I don’t know about you but I have a love/hate relationship with the Bible.
Before you get all upset, let me explain. I love the Bible. It is God’s revelation of Himself to us, His story of redemption, His very Word to us. I read and study the Bible incessantly. I do this because it is the very Word of God. How else can I hear His voice? How else can I come to know Him except by His Word? Granted, He has revealed some things about Himself in nature, in humanity, in the world. But the primary means by which we may know God is the Bible. I love it.
I also “hate” it. I don’t mean hate as in hate hate. I mean hate as in it makes me very uncomfortable at times. God confronts me in my sin by His Word. He calls me to confession of sin and uses His Word to point out the darkness of my heart. The writer of Hebrews puts it this way,
“For the word of God is living and active and sharper than any two-edged sword, and piercing as far as the division of soul and spirit, of both joints and marrow, and able to judge the thoughts and intentions of the heart.” (Hebrews 4:12, NASB)
Here’s my point in all this.
I was reading this morning during my time with God…You know what, let me back up a second. I have spoken ad nauseum about all that has gone on in my family’s life over the past few years; there has been heartbreak and heartache, painful situations, tears and mourning and uncertainty. I recently, in a conversation with my dad, was talking about following the call of Jesus into ministry. Eight years ago I walked away from my law enforcement career to follow the call of the Master. My dad and I were talking the other day and I said this,
“Yeah, what a stupid decision that turned out to be. It’s caused us nothing but pain.”
Now, on its face, this is a ridiculous statement. There have been many times of joy, not the least of which is my wife and I marrying and having two beautiful children, meeting many people along the way, telling them about Jesus and many other things.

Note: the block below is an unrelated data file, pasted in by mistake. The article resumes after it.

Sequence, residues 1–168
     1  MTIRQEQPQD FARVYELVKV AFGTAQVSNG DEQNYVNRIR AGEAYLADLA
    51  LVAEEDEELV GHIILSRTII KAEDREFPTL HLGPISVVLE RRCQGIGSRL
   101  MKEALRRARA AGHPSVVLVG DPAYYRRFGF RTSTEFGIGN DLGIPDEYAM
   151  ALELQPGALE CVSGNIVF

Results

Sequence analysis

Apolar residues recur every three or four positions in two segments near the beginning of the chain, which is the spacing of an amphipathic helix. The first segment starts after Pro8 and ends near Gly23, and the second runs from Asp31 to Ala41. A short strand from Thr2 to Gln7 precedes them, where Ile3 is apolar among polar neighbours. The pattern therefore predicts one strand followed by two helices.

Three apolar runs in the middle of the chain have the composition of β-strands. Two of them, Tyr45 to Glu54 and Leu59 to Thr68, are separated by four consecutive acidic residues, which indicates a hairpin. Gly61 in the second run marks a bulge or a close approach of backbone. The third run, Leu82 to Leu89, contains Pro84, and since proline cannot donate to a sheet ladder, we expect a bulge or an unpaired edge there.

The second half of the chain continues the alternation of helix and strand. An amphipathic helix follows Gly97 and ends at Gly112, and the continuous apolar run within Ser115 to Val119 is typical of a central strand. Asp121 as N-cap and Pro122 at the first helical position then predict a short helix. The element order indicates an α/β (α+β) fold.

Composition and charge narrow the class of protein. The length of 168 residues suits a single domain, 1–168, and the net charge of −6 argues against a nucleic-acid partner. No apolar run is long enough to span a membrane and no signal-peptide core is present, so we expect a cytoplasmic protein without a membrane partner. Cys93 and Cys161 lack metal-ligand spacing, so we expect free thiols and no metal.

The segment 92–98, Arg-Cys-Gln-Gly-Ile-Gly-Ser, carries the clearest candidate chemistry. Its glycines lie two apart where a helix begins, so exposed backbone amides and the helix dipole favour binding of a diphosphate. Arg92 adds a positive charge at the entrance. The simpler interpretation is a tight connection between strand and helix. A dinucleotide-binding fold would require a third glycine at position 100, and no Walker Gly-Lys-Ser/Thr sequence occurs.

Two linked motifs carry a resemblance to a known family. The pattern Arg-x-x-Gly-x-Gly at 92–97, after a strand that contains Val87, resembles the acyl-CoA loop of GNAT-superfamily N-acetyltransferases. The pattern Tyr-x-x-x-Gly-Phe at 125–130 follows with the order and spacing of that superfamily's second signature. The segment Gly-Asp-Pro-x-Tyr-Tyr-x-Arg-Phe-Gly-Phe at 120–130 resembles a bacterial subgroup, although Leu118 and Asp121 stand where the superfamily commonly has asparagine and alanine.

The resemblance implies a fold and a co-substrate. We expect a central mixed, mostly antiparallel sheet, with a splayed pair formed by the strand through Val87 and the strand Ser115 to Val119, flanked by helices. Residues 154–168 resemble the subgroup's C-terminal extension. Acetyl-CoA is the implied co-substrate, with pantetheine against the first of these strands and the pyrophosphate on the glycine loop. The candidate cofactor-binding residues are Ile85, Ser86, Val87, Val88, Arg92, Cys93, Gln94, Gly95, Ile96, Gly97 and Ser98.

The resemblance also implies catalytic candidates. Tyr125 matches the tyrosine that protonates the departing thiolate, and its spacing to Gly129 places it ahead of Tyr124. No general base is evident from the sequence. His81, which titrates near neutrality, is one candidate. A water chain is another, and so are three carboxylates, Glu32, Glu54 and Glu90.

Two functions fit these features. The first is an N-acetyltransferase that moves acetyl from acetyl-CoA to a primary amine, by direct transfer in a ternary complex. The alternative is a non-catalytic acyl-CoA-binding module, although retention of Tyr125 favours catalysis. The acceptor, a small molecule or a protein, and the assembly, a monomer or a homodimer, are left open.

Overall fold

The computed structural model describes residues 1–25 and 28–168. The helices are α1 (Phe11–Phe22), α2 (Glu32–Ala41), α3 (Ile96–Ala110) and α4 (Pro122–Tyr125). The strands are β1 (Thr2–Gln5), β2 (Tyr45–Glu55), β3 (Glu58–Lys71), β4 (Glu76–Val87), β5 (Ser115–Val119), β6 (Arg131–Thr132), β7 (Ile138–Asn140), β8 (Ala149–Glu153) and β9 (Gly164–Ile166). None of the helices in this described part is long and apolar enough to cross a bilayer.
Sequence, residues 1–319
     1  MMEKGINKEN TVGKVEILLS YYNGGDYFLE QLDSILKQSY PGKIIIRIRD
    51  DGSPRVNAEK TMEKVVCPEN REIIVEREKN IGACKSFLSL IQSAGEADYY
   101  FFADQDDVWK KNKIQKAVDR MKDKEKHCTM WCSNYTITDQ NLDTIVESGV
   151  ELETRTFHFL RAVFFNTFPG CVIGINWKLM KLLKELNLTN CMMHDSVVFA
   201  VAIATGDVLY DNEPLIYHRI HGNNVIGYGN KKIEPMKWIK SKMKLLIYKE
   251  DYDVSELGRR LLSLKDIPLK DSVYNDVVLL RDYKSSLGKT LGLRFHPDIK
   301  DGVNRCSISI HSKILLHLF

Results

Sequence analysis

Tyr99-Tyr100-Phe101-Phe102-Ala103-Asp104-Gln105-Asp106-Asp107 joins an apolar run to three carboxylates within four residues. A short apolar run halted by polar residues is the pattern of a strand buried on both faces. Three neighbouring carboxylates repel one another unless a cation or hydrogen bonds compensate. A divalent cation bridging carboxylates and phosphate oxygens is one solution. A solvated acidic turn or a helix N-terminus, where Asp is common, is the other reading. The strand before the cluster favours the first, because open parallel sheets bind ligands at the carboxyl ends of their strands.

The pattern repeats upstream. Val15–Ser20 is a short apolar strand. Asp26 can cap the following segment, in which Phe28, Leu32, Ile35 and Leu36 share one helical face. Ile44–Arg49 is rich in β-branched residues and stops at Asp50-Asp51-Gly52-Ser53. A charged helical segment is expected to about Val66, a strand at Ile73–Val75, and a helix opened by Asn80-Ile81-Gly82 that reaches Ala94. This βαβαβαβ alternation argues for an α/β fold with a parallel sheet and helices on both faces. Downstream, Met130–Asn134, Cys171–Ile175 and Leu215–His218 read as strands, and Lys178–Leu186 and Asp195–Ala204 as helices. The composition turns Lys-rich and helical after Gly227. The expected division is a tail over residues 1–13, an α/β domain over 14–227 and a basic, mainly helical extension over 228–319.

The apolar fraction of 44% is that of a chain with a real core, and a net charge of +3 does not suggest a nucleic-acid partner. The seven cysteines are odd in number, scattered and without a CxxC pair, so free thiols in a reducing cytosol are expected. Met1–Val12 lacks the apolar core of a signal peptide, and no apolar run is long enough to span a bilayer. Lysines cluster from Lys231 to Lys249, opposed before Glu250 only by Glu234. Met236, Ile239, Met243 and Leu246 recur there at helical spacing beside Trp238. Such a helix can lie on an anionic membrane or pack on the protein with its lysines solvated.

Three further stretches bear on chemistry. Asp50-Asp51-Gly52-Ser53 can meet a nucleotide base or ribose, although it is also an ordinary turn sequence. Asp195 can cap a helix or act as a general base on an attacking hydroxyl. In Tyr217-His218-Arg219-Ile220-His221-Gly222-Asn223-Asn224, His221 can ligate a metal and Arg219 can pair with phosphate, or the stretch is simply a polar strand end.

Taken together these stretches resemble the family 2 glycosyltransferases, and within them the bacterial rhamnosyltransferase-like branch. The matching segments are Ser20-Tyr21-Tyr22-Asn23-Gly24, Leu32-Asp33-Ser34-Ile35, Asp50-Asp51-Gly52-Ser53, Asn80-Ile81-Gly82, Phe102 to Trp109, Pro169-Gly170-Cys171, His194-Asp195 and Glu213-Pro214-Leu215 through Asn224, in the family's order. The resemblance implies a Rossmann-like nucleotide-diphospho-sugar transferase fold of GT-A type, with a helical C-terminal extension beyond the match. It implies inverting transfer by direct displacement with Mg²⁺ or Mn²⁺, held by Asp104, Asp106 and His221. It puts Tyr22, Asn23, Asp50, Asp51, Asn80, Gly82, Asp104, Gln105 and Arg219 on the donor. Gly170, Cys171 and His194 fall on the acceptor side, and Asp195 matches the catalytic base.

But we’re in the middle of a painful season and all we can see sometimes is the pain and discomfort. And then, this morning, I read this.
“As they were traveling on the road someone said to him, “I will follow you wherever you go.” Jesus told him, “Foxes have dens, and birds of the sky have nests, but the Son of Man has no place to lay his head.” Then he said to another, “Follow me.” “Lord,” he said, “first let me go bury my father.” But he told him, “Let the dead bury their own dead, but you go and spread the news of the kingdom of God.” Another said, “I will follow you, Lord, but first let me go and say good-bye to those at my house.” But Jesus said to him, “No one who puts his hand to the plow and looks back is fit for the kingdom of God.”” (Luke 9:57-61, CSB)
I was struck to silence and conviction and tears by the Word this morning. Not because Jesus is harsh and was mean to me but because His Word speaks directly to my heart and reveals my sin. Did you notice how many times Jesus, in this text, told someone to follow Him and they say ‘yes but…’
Yes but is not obedience. Yes but is not submission to our Master and Lord. Yes but is so us though, isn’t it? Jesus, I’ll do what you want me to do but….
Don’t ask me to actually witness to who You are and what You have done to anyone.
Don’t ask me to quit my job (that one hit me hard).
Don’t ask me to go there and do that.
Don’t ask me to move to somewhere where I know no one or away from my family.
In fact, Jesus, don’t ask me to do anything that is uncomfortable to me.
If our yes to Jesus is in any way a yes but, then it is not obedience. I’m struck by the obedience of Jesus to the will of the Father.
“Have this attitude in yourselves which was also in Christ Jesus, who, although He existed in the form of God, did not regard equality with God a thing to be grasped, but emptied Himself, taking the form of a bond-servant, and being made in the likeness of men. Being found in appearance as a man, He humbled Himself by becoming obedient to the point of death, even death on a cross.” (Philippians 2:5-8, NASB)